A series of workshops included sessions on making Mencap more inclusive and ways to build on the success of the Paralympics. There were also sessions focused on partnership working and Mencap’s Young Ambassadors.
Workshops and sessions:
- Young Ambassadors and Me
- Building on the Paralympics
- Partnership and Me
- The movement and Me
- Gateway clubs and Me
- Inclusion and Me
Young Ambassadors are part of Mencap’s Inspire Me project for young people. The ambassadors participate in Mencap’s work, engage with public decision-making and inspire other people with a learning disability, while helping to develop confidence and communication skills.
During the workshop, Young Ambassadors shared their personal experiences of the role. Many delegates hadn’t heard of the scheme before. “People were largely very positive about the use of Young Ambassadors throughout Mencap,” says Gilbert Malin, Inspire Me’s project manager. “One of the groups in the workshop was an amateur dramatics society for people with a learning disability. They are now very excited by the prospect of some of their young people becoming Young Ambassadors.”
Offer a volunteering opportunity:
If you can offer an opportunity for a Young Ambassador to volunteer with you, or would like to know more, please contact Samantha Cosgrove (North of England) on 07852 457 862, or Fenella Stafford (South of England) on 07908 609 665.
- Play ‘Who wants to be a Young Ambassador’ to find out more…
This workshop gave people a chance to share their thoughts and talk about their experiences of the London 2012 Paralympic Games. Attendees led discussion groups about the successes they saw within their communities. They also discussed ideas on how to use the Paralympics as a catalyst to encourage and inspire people with a learning disability to take up and excel in sport and physical activity.
- Read more and discuss your group’s experiences
- Read about Mencap Sport or contact Ian Carpenter, national sport manager at email@example.com
At this workshop, groups heard from Herefordshire Mencap about how the group has developed plans to work more closely with Mencap. Coventry Mencap also led discussions around the challenges it faced when looking at whether to sign a partnership agreement. This led to a discussion around how Mencap can develop what it means to be in partnership with groups, and how it can address some of the issues groups face.
“It was great to hear the suggestions from groups as to how the Mencap partnership can develop and what Mencap can do to make sure the partnership is as effective as possible,” says Phil Hetherington, Mencap’s participation manager.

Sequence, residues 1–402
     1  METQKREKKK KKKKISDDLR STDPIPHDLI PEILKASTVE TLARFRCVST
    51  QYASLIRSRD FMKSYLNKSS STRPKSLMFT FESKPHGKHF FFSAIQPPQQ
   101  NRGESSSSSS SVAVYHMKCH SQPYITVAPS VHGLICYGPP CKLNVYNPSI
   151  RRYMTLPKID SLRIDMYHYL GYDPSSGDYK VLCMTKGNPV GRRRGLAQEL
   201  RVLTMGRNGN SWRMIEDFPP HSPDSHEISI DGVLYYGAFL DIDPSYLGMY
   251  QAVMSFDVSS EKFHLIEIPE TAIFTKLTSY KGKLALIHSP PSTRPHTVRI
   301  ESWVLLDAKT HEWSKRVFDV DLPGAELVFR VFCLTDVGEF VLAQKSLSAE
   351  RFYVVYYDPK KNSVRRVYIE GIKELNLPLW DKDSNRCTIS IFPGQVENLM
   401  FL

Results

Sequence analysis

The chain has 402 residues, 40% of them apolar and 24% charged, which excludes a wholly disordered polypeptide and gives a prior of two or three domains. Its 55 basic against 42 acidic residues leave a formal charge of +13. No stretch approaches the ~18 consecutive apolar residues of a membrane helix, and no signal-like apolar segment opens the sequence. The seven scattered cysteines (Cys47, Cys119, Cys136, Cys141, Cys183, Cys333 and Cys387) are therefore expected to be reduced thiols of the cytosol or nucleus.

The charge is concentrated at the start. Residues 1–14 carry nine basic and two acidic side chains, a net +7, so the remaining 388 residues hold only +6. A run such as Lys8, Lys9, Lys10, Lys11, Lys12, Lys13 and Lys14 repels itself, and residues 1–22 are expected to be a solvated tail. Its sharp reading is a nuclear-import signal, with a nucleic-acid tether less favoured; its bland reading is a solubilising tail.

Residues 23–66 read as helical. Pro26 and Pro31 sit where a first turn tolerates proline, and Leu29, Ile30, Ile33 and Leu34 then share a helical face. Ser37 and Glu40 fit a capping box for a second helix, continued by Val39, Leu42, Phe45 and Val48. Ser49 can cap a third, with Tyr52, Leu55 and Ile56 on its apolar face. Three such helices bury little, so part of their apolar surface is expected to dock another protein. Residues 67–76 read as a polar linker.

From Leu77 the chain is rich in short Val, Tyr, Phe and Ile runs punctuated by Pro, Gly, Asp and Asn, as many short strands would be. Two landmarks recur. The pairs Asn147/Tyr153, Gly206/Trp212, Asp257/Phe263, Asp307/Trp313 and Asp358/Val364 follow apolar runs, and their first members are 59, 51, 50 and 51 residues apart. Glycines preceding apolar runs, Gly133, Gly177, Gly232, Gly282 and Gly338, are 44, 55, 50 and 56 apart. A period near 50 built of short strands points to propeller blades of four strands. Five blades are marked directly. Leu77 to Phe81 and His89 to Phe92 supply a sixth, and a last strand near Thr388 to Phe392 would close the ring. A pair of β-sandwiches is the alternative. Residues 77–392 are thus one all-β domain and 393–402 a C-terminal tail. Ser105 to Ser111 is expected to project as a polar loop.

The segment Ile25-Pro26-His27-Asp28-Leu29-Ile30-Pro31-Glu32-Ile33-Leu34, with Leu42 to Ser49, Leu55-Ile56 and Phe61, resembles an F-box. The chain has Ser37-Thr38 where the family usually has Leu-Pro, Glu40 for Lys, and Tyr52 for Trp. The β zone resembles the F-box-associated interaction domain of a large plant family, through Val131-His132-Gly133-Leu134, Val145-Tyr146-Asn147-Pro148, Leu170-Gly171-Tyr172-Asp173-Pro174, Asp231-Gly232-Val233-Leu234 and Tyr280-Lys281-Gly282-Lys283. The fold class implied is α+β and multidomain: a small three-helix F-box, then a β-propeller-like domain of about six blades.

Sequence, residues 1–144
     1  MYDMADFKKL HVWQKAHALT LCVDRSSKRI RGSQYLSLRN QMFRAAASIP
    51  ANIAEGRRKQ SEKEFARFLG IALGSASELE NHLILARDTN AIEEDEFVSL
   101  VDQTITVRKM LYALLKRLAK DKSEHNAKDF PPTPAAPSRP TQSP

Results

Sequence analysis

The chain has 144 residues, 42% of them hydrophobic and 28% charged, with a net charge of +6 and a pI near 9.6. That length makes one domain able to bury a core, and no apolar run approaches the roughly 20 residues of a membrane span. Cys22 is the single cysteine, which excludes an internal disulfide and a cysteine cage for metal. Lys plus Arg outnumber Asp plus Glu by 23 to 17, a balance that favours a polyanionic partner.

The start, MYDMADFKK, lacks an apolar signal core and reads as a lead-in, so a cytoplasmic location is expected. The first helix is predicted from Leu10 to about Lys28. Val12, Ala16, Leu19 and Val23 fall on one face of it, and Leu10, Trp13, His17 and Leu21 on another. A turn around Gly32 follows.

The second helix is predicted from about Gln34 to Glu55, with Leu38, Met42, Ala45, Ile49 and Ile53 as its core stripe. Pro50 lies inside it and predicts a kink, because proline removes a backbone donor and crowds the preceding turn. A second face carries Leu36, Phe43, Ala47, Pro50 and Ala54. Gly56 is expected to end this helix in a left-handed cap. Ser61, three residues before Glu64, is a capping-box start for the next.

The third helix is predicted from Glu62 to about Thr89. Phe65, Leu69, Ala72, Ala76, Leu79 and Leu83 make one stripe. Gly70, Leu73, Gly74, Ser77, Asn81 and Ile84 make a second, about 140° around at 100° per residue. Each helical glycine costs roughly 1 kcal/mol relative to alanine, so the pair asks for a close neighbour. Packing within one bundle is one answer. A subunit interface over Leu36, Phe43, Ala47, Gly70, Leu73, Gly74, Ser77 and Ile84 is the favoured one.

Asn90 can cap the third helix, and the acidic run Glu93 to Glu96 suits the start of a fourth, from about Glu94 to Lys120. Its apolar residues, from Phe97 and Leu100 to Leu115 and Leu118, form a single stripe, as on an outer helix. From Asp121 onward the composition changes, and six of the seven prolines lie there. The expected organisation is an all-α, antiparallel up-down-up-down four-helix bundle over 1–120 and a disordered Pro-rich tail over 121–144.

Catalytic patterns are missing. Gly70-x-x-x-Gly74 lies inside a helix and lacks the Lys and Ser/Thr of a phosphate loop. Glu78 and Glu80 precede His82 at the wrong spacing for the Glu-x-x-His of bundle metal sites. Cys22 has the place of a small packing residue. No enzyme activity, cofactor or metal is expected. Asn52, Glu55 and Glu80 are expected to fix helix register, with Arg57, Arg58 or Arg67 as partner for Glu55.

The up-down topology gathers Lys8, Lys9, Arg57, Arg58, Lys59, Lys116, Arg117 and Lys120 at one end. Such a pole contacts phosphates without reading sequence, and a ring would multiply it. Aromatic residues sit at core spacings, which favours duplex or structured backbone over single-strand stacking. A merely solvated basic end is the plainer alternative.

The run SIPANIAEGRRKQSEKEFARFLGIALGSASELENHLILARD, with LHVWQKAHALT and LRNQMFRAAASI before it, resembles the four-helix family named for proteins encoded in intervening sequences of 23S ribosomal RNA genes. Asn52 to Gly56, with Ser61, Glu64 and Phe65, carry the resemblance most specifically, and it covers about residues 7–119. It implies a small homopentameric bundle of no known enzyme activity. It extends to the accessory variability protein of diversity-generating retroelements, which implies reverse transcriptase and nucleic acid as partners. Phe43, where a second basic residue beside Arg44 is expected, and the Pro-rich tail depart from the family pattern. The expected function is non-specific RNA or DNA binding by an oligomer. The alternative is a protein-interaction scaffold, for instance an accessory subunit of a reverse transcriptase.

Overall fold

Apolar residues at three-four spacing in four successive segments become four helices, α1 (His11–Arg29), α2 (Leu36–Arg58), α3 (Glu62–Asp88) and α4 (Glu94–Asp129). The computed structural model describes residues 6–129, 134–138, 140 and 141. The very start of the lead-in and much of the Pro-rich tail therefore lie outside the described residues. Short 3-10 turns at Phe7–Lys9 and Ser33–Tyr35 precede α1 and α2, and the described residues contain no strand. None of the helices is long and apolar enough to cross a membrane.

If you have ideas about how the Mencap partnership can be developed, please get in touch with your regional partnership officer who will be happy to discuss these with you
How to engage with the wider public is a challenge Mencap must address head on. And this workshop challenged attendees to consider how Mencap can reach out and involve many more people in its work.
All ideas are welcome as Mencap looks to shape its engagement strategy. And it will need the support of groups, members and all Mencap supporters, in order to have much greater influence on society.
Mencap will be communicating more on its engagement strategy in the coming months
Groups learned more about the Gateway Active project, the newly updated Gateway Award, and the Gateway Beacon project – which aims to help Gateway and leisure clubs work together to share best practice and improve opportunities for people with a learning disability.
Mencap asked groups for feedback about what makes a good Gateway club. Responses included transport and good premises, as well as getting new members and volunteers, and funding for the club. Club members were also represented in the workshop and they talked about how they value the opportunity to meet new people, expand their horizons, take part in a variety of activities and help with the running of the club.
The workshop then considered how Mencap might work together with Gateway clubs and other groups more in future. “Much of the discussion focused on linking up locally with other clubs and different services, sharing good practice, supporting each other with some of the challenges and creating positive networks,” says Rachel Ashcroft, Mencap’s Gateway projects manager. “Gateway Beacon offers many of these opportunities, by supporting clubs to link together, share what they do, develop their club and receive help and advice.”
- Read more about getting involved with any of the Gateway projects
- Contact your regional partnership officer, or email the positive activities coordinator at firstname.lastname@example.org
Mencap’s Inclusion team ran two workshops about Mencap’s inclusion plan.
Mencap is looking at all the areas where people with a learning disability can be included in Mencap, and wants to learn from other groups and organisations. Mencap also wants to work with more people with a learning disability.
At the workshop, Mencap asked groups for any ideas they had about inclusion and what Mencap can do more of to include people with a learning disability in its work.
Once Mencap has finished its research on inclusion, it will then publish a report, next year, on how people with a learning disability can be more included. Mencap will share its findings.
To find out more, contact inclusion project manager Wayne Walker on 020 7696 6926 or email@example.com